This is a scene I recently wrote that takes place about halfway through the book. The character Meshiah healed her friend’s sister the night before and news has spread throughout the village about the healing. Now, the town has shown up to see if the miracle can be repeated with others in need.

After dressing in a wool skirt and button-down white blouse, Meshiah walked from the back room into the main bakery. The room was full, but no one was talking. Meshiah assumed the place would normally be a bustle of chatting customers and delicious smells, but the hearths had been cold back in the kitchen, and beyond the general smell of flour and day-old bread, there was no fresh scent of developed yeast. Instead, the main large room of the bakery was packed with people, nearly silent, all staring, at her.

A middle-aged woman rushed up to her, tears flowed from her eyes and dropped in front of Meshiah and clasped at the front of her skirts.

“Please milady, please, my daughter. She fell last week and hit her head. She’s just gotten engaged to the miller’s son. They were to be wed in just a month,” she pled. “I can pay whatever is needed. Please.”

Meshiah looked over to where the woman indicated and saw a rather handsome lad of no more than twenty carrying a woman of about the same age. She had long dark hair, but it was pulled back, a thick bandage covering most of her head. The young man had the haunted eyes of a man who had spent too many nights awake in prayer, pleading to a God he wasn’t sure was even there. She looked down again at the woman and reached down to her, lifting her up.

“Will you help her?” the woman asked, meeting Meshiah’s eyes. There was a desperation in that face, haggard desperation. “I heard what you did for Schalk’s sister, and if you can take away the Heat, then you can save my daughter. I know you can.”

Meshiah felt a stab of guilt. Of course, she would want to help, but she looked out at the mass of people, crammed into the little shop. The bay windows looked out into the courtyard of the town hall across the street and the very street itself was packed with people. There had to be thousands. Where had they all come from, and had they been waiting here for her while she slept nearly all day? How could she help so many? She pursed her lips.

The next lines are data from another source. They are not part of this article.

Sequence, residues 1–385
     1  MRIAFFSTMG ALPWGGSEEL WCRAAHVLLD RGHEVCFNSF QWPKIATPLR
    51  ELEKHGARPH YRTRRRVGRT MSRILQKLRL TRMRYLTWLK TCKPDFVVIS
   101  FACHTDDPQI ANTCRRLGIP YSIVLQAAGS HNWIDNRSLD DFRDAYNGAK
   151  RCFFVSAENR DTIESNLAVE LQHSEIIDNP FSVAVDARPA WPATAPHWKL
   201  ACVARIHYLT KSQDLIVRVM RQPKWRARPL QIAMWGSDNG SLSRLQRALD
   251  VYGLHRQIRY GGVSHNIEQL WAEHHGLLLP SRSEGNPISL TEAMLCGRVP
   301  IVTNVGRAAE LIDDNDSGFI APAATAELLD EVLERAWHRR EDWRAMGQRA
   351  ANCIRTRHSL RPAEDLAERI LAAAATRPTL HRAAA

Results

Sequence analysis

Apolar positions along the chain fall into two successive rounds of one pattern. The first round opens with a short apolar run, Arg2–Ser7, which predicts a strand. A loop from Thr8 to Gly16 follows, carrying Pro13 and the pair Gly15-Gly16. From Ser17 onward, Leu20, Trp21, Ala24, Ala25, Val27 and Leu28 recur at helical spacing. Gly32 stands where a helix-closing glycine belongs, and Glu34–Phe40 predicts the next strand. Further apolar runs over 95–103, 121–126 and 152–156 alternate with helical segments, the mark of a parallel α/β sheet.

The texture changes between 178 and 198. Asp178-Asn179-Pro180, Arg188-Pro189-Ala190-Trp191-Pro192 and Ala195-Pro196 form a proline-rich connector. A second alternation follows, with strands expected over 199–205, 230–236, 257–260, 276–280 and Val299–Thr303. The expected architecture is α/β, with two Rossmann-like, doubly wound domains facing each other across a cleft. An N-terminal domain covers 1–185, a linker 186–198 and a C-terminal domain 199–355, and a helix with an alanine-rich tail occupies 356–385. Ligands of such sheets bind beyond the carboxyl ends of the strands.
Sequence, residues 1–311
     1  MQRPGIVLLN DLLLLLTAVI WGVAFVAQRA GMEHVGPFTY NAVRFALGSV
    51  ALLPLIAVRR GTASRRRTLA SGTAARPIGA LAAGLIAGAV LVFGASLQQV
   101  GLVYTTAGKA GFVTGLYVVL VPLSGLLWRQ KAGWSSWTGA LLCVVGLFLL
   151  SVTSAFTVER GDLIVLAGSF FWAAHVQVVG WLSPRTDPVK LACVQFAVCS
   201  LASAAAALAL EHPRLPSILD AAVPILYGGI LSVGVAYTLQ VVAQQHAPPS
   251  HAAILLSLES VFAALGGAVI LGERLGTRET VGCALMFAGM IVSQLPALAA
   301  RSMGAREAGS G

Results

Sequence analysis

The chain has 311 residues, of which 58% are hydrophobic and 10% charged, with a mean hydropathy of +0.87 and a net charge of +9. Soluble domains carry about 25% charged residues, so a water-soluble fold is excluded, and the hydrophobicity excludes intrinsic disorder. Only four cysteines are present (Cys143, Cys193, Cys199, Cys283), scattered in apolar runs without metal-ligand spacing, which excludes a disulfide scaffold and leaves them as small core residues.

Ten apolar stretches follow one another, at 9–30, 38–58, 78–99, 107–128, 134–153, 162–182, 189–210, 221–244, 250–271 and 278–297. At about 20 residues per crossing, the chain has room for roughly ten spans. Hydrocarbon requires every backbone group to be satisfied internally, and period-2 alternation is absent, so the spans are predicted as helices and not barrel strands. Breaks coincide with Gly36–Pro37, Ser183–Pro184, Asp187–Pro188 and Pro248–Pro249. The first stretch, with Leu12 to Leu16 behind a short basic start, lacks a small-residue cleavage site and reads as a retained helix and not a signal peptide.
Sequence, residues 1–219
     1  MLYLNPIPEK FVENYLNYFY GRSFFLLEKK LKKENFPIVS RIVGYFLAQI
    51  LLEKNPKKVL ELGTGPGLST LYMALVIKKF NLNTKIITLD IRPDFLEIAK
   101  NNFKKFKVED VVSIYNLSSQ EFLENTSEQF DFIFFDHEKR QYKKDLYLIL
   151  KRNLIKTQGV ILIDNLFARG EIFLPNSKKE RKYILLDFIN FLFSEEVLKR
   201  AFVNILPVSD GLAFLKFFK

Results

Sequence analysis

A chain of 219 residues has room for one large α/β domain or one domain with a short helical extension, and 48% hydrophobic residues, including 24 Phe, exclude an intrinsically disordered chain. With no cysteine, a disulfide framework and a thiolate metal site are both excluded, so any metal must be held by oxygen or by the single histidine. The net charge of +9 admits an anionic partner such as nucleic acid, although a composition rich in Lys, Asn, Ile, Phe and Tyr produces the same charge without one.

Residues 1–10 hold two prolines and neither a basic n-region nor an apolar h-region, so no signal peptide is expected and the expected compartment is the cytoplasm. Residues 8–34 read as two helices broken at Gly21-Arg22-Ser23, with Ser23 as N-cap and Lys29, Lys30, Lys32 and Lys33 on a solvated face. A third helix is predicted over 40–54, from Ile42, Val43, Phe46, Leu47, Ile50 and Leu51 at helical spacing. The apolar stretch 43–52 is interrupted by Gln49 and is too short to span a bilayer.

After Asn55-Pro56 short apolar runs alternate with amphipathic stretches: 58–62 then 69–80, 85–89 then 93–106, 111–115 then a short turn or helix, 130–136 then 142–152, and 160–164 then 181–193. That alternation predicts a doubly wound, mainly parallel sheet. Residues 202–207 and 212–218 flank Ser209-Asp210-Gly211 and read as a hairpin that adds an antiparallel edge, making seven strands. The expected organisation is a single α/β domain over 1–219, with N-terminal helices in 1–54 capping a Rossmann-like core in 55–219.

“Mrs. Lusion,” she announced and Procty popped around the corner of the counter where she had been standing behind another group of people.

“Yes, milady?” Procty said.

“I am going to need a large cup of coffee, some sort of breakfast bread, an apron, and several people to help me prioritize those in this mass of people who are in the greatest need. I won’t be able to help them all today, but I intend to make a sizable dent,” she said as she unbuttoned the sleeves of her blouse and rolled them up past her elbows.

Procty bounded off towards the back of the shop and Meshiah walked over to the young man who held the injured woman.

“I am going to need your help,” she said, looking to the man’s eyes. There was hope there, but it was distant.

“Okay,” he mumbled.

“No, I mean it. This is going to be hard on you. I am going to use you to heal this woman. It will not be pleasant.”

He looked confused but nodded his head.

“Okay, get ready,” she said and he stiffened his body. “You might want to lay her down on the floor here and sit down beside her.”

He did as instructed. Meshiah bent down and placed her right hand on his shoulder and then her left hand on the girl’s head. Then she began to pull again like she had done the night before, but this time, instead of her general surroundings, she pulled from the man. The warmth flooded into her again until she was nearly bursting with energy. The man fell back, his entire body going limp. People standing nearby gasped and one woman went to try to stop Meshiah, but was held back by others. Meshiah allowed the energy to pour into the woman, and she stirred slightly. The one eye that was still visible under the bandage opened and she blinked several times.

She looked around the room. Faces stared at her, shocked expressions on them all.

“Fire and ashes,” one woman exclaimed. “Has she killed the boy to heal the girl?”

A man who had knelt to the boy shook his head. “No, he’s just sleeping.”

A cheer rose in the room and everyone began talking at once. The woman who had spoken to Meshiah at first had run over and begun hugging the woman, but she now stood up and came over to Meshiah.

“Thank you, milady. Thank you,” she wept, wrapping her arms around Meshiah.


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